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Youth and versatility highlight Broncos' three-man running back group

Heading into training camp, running back was one of the toughest positions to predict for the Denver Broncos. The team carried five players at the position, though only two — Devontae Booker and De'Angelo Henderson — had played a single down in the NFL.

For the rest of the group — third-round pick Royce Freeman, seventh-round pick Dave Williams and undrafted rookie Phillip Lindsay — the first taste of professional action had yet to come.

Following Saturday's roster cuts, it remains a young group — by far the youngest on the team, in fact. Booker, in his third year, is the most experienced of the group, while Freeman starred in three preseason games and Lindsay earned his way onto the 53-man roster by showing off his versatility throughout the summer. Williams and Henderson were waived Saturday.

"They're all qualified," Head Coach Vance Joseph said Saturday. "Obviously, Booker is the most experienced. He's played some good football for us. His better days are ahead of him. Royce had a great spring and a great summer also. Obviously with '2' [Lindsay], he's a special runner, but he also played [special] teams very well. He was an L-5, he was a gunner for us, he completed the package for us."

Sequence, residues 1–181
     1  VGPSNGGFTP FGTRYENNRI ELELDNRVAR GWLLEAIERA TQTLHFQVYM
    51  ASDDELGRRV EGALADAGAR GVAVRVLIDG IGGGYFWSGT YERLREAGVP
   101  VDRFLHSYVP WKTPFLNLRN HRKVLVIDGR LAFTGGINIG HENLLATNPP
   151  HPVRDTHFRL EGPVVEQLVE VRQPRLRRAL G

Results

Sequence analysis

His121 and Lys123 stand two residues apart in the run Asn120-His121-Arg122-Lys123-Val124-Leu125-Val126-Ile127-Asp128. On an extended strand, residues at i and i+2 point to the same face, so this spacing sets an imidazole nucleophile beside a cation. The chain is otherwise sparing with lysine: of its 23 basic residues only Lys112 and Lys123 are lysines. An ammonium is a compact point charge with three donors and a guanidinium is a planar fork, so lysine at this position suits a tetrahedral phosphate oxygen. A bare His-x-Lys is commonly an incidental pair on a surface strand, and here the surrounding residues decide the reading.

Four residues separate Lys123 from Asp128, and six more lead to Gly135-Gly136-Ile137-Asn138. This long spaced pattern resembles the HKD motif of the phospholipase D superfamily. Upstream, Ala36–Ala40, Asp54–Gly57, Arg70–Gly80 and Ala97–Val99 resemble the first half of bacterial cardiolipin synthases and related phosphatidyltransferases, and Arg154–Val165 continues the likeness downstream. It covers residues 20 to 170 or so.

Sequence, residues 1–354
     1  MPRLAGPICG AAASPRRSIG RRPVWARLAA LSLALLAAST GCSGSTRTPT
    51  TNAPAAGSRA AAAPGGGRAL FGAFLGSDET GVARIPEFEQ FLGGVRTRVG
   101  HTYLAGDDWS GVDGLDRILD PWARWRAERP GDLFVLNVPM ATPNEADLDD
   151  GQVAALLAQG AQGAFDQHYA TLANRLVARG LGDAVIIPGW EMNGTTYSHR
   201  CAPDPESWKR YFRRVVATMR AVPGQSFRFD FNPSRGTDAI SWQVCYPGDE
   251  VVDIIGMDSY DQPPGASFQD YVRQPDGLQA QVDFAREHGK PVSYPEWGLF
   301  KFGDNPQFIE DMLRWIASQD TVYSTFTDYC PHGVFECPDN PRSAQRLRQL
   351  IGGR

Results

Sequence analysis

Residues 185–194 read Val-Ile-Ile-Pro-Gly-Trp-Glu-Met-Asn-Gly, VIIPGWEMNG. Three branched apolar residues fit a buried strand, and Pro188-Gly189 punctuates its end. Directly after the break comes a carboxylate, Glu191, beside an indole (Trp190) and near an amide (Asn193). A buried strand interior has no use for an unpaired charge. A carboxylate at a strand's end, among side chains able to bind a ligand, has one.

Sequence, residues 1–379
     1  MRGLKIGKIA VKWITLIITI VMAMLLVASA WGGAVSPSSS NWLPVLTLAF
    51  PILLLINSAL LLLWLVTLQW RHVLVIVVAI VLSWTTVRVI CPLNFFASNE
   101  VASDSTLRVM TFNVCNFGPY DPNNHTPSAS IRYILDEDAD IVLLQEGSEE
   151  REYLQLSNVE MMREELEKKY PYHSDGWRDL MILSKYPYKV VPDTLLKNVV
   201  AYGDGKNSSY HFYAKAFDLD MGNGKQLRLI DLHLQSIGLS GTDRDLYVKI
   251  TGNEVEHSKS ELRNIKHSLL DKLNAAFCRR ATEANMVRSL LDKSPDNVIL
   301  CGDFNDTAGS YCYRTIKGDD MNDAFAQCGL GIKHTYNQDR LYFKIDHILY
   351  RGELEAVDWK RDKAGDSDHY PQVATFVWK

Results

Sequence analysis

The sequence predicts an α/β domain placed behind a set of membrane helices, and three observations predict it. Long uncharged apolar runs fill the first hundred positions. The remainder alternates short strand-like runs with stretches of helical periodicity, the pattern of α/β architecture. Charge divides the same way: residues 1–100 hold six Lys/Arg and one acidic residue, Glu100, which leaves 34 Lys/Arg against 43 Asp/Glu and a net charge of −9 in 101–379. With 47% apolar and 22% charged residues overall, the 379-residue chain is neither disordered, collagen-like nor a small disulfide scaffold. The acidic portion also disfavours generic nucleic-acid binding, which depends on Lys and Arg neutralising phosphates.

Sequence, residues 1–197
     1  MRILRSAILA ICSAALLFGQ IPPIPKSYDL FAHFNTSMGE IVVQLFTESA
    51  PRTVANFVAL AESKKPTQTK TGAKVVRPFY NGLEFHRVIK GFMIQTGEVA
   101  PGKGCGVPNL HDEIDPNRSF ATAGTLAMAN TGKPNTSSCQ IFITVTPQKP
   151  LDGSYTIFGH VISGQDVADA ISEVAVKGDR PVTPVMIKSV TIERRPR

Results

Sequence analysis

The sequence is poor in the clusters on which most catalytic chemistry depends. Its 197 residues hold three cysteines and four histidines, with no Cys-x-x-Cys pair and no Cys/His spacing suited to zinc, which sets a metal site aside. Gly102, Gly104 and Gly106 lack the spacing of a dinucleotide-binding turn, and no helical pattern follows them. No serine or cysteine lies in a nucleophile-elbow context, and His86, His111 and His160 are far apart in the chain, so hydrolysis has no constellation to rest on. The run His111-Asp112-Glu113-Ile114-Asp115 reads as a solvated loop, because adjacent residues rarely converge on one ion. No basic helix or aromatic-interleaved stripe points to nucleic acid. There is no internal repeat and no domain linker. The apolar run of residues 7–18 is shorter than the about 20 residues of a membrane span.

Joseph isn't concerned about the team's youth at the position, pointing out that running back has been a position dominated by younger players in recent years. Kansas City's Kareem Hunt led the league in rushing yards as a rookie last season; Dallas' Ezekiel Elliott accomplished the same feat the year before.

Joseph thinks Freeman, who led the team with 84 rushing yards and three touchdowns in three preseason games, fits that trend.

"At halfback we're not [experienced], but that's a position we've all seen the last four, five years, it's been young guys that have led the league in rushing," Joseph said. "Last year we had one in Kansas City. I think Royce has that kind of ability."

While Freeman and Lindsay are just rookies, Joseph believes both are wise beyond their years. Booker, meanwhile, has 314 career offensive touches — plus 14 kick returns — in 29 career games.

"[Freeman]'s a mature guy," Joseph said. "I think 2 [Lindsay]'s a mature guy. They play well on first, second and third down, so I have no worries with our young guys. They're all qualified, they're all smart guys, they're all good football players. [We're] happy to have them all."

The position features two of the 10 rookies that made the Broncos' initial roster, a significant number for President of Football Operations/General Manager John Elway, but not one he's nervous about. The Broncos still do have experience at quarterback, wide receiver, offensive line and all over the defense.

"I think it's the best roster that we could put together," Elway said. "I get excited about when we have youth that played very well in the preseason and has contributed a lot."

Joseph also thinks being younger will make his team fresher, faster and healthier throughout the year.

At a position like running back, which takes a physical beating every weekend, that's helpful both in practice and on game days.

In a few short days, all three members of the Broncos' running back corps should have a chance to show their potential.

They may be young, but that doesn't mean they won't be big contributors.

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